Prisoners are put in solitary confinement – for days, and sometimes for months and years, in most countries. In the USA, the American Civil Liberties Union has estimated that some 80,000 prisoners are housed in some form of isolation.
However, the dangers of solitary confinement are increasingly recognised. Not only to the mental health of the individual, but also to public safety, given that the vast majority of prisoners will one day be released back into the community.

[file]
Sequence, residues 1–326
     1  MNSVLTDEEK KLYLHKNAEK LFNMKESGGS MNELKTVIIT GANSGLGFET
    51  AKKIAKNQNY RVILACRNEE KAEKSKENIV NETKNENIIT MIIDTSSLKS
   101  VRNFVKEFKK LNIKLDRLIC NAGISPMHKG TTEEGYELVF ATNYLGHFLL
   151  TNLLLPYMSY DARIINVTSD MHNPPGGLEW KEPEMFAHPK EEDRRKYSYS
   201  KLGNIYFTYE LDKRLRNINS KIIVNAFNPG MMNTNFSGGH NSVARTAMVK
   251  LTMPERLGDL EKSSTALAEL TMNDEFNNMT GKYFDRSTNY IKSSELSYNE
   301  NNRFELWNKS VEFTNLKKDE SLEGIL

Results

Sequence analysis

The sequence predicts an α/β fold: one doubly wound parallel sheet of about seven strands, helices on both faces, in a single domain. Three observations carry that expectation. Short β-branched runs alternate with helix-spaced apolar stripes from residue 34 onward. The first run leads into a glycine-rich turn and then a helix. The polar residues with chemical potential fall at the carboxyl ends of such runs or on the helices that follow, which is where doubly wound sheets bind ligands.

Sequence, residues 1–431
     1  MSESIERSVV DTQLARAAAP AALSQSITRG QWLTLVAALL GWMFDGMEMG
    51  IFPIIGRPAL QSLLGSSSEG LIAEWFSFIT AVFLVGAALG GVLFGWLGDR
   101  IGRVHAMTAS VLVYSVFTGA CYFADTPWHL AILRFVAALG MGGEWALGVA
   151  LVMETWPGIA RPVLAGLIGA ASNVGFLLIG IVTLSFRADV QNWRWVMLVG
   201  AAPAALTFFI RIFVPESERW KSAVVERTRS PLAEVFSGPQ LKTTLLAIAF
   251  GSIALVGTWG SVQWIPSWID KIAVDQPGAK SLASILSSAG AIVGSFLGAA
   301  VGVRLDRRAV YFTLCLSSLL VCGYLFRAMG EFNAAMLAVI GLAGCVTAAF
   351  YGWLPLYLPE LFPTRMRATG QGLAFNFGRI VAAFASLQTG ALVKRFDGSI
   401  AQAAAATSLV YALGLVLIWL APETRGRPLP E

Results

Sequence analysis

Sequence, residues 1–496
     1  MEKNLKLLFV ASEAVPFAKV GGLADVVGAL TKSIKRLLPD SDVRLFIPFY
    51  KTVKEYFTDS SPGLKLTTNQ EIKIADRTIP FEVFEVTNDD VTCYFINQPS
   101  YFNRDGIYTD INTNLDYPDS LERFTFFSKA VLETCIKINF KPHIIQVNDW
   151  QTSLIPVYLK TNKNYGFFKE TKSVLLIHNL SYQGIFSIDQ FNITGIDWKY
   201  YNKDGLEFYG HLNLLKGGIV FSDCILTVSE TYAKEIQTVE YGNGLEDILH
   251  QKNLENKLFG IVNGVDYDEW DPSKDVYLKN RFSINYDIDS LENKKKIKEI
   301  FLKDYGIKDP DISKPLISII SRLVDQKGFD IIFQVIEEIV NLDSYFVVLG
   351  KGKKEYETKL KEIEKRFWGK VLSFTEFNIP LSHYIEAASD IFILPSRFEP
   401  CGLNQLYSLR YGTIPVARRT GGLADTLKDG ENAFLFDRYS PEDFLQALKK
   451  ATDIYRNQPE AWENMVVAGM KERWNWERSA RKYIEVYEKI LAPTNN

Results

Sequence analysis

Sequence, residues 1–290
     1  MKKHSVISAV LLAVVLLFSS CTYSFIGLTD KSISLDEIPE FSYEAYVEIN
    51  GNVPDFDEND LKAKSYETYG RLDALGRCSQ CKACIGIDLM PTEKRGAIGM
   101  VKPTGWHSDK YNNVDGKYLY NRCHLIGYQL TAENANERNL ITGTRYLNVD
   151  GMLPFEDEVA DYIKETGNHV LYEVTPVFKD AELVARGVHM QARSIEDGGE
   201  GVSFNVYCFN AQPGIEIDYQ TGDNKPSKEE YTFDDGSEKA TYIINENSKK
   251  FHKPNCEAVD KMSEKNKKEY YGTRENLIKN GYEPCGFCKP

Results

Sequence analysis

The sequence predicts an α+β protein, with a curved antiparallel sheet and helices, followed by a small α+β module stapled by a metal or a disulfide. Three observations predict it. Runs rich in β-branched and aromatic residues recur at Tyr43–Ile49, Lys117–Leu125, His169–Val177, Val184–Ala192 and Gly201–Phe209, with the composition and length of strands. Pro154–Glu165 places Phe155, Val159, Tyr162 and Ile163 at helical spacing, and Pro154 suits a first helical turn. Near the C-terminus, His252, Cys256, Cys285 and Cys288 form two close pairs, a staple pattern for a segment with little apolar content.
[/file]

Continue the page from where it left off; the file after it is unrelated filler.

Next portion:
Colorado is one of the US states which has reconsidered its use of solitary confinement in recent years, introducing significant restrictions. In this blog, its Executive Director, Rick Raemisch explains why he believes the reforms have been necessary.
This blog is one of a series of monthly expert blogs for Penal Reform International.
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